A Lawrence nonprofit has been forced to close up shop after a company out of New York sued over trademark infringement.
Shine Adams started Sun Cedar in his basement two years ago. He officially filed for bankruptcy and closed production last month.
“The wind was out of my sails. I spent about a week bellyaching about it and staying home,” he said. "It never occurred to me that this kind of abstract approach to symbols could be … made into such a huge deal."
Sun Cedar carved many shapes and emblems out of cedar wood blocks. After their first year, the business moved into the back of Penn House, a Lawrence nonprofit that helps low-income individuals and families. Their biggest success was cedar tree-shaped cutouts used as air fresheners.
The business quickly grew into a successful nonprofit that hired nothing but people who were in financial distress, those who were homeless or those who were transitioning out of prison. Each person was paid $15 per hour.
"The ideal person was someone who's been out of work for a while,” said Adams.
Business was good, until they got a cease and desist letter.
"We received a letter saying that we infringed. I consulted a very prominent, intellectual property attorney who said we had not,” said Adams.
Car-Freshener Corp. (Watertown, NY) filed a lawsuit against Sun Cedar. Adams initially cut down his staff in order to fight the lawsuit, but even with a pro-bono New York attorney he eventually had to give up the fight. Adams said he eventually tried to cease production of the cedar tree-shaped cut-outs, but by that point it was too late.
"We were trying to get away from the tree shape. We have no interest in continuing to make tree shapes,” said Adams. "It wasn't adequate to end the lawsuit that we just stop making trees."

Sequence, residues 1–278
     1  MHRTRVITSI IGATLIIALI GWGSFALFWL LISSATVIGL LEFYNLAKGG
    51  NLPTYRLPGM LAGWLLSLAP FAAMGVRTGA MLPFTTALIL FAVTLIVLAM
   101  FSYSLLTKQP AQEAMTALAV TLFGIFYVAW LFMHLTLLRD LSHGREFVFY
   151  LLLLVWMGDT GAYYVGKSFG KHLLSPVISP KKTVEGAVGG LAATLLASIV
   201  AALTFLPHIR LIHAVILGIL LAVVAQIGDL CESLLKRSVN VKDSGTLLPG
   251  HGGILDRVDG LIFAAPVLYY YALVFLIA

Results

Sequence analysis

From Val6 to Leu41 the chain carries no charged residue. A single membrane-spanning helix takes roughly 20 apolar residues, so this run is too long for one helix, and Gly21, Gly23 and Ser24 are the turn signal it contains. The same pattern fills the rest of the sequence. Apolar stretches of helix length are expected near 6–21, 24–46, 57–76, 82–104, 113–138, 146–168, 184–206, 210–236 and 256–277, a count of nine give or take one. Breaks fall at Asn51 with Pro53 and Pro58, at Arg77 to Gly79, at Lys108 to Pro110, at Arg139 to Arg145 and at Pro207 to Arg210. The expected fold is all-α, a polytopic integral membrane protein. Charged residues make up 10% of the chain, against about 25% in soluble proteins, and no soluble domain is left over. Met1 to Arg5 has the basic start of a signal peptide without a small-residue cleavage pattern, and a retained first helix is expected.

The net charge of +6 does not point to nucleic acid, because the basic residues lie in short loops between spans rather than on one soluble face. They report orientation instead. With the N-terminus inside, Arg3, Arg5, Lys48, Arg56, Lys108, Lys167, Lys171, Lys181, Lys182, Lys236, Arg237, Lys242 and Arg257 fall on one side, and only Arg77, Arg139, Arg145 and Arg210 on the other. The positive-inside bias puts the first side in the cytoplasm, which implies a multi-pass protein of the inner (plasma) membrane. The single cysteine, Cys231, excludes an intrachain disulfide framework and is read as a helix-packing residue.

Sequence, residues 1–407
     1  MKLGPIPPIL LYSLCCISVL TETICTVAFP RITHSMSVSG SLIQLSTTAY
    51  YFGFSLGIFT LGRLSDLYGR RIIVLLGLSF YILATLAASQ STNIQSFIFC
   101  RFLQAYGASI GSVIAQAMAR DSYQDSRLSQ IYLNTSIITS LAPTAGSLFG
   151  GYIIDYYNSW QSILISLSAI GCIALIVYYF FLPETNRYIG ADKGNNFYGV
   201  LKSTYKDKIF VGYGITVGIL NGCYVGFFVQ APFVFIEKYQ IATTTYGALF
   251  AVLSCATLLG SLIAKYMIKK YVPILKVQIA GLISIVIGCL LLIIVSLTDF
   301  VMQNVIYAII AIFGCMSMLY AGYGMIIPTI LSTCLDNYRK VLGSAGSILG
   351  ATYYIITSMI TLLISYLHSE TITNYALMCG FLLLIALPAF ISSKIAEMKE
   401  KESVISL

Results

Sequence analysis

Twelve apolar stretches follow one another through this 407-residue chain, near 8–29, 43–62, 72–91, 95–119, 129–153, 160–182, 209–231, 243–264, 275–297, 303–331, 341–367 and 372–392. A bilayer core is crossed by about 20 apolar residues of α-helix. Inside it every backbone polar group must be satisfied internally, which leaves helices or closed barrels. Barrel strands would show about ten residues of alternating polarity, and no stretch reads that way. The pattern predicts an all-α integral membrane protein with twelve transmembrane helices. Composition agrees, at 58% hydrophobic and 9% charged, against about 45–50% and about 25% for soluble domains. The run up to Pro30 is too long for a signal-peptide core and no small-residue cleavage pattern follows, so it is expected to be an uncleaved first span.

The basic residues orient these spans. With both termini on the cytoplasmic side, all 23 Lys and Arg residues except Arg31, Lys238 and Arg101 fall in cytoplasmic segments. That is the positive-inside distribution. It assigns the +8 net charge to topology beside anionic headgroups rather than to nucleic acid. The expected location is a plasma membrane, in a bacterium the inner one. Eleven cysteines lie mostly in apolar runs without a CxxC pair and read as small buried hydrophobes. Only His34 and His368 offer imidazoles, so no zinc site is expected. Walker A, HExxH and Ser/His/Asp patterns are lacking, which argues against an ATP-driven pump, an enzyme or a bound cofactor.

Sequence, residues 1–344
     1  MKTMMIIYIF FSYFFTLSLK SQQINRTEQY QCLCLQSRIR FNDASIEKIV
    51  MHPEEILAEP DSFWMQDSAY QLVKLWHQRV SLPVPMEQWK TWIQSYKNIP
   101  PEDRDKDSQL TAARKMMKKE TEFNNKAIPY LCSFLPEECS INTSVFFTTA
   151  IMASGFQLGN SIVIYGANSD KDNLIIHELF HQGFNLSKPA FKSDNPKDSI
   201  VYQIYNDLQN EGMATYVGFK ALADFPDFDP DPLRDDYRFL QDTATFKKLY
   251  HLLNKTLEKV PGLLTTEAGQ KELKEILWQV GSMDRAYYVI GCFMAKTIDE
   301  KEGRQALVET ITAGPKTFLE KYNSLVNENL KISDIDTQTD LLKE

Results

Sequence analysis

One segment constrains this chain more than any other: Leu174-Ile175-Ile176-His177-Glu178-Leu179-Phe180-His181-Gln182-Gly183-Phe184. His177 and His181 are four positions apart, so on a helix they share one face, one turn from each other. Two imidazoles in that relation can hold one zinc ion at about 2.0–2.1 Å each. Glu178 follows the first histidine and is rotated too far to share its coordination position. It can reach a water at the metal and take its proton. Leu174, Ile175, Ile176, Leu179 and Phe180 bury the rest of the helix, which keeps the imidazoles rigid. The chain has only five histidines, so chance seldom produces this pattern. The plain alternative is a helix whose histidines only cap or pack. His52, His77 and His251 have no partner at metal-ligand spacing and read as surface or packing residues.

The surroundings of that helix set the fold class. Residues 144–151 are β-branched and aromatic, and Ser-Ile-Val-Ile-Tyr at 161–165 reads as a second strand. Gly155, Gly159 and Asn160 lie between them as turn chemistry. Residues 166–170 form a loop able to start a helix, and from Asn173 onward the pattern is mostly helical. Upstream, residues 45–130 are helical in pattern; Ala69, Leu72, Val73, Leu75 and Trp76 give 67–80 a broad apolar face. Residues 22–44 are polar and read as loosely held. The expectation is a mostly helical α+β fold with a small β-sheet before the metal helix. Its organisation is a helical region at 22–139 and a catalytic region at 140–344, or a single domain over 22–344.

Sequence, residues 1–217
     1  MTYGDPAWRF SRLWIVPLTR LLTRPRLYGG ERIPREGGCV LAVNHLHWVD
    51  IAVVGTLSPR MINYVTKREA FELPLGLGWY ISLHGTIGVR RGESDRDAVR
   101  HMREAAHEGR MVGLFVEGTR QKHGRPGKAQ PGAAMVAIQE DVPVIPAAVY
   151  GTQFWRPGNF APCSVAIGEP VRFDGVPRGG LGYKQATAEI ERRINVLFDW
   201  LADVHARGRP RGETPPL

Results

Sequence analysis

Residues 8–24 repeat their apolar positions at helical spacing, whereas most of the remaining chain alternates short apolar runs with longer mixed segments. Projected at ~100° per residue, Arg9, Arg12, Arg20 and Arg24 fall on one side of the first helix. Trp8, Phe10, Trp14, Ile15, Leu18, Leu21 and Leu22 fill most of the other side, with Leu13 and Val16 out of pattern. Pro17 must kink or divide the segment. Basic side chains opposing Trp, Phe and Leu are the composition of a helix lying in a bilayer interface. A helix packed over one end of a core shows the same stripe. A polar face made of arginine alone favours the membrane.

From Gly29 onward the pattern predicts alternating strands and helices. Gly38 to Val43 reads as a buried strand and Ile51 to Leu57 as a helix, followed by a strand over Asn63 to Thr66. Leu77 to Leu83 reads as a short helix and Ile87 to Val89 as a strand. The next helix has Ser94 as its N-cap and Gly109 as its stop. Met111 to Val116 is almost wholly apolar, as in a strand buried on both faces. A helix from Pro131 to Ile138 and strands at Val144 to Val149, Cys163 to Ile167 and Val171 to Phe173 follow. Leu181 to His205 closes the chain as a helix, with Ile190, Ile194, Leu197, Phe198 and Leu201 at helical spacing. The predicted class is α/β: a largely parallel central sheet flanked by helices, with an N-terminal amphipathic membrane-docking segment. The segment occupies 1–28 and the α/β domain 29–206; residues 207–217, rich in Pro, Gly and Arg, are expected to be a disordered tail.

Sun Cedar’s product was a cedar tree-cutout made of cedar wood. Car-Freshener Corp.’s product is an evergreen tree-cutout made of paper. To Julie Scott, a Kansas City attorney who specializes in trademark lawsuits, the case isn’t a surprise.
"If you own a trademark you are required to enforce it so that people don't get confused. If you don't do that it's a really big stick, you lose it,” said Scott.
Steve Lopes, a senior board member for Sun Cedar, said there were rumors of a possible partnership. He said that wasn’t the case.
"This air freshener company goes after anybody who's remotely close to their trademark and they're unrelenting,” he said. "There was never an opportunity for us to partner. This company was out to crush us, from the start. We had a good thing going and all of a sudden we got sucker punched by this."
Abraham White Weasel is a former Sun Cedar employee who was homeless for years before getting the opportunity to work in Adams’ shop.
"I felt like nobody would just give me a chance at all and I wanted to prove myself,” he said.
Now, just like 17 other former employees, White Weasel is looking for other opportunities.
"All this company is about is just to help people. And then you got this big company over here that just has their own mindset of wanting money and their own profit and they don't really care about anybody else,” he said.
Adams, who works full-time at Lawrence Community Shelter, is adamant about not giving up.
"This is not a sad story. This was a bump in the road. But I'm not giving up. I know exactly what I want to do with my life and I'm gonna do it,” he said. "When the dust settles from the lawsuit and when the bankruptcy is finished, I fully intend on starting another organization like Sun Cedar."
41 Action News reached out to Car-Freshener Corporation for comment regarding the lawsuit. Their reply was “no comment.”
Josh Helmuth can be reached at firstname.lastname@example.org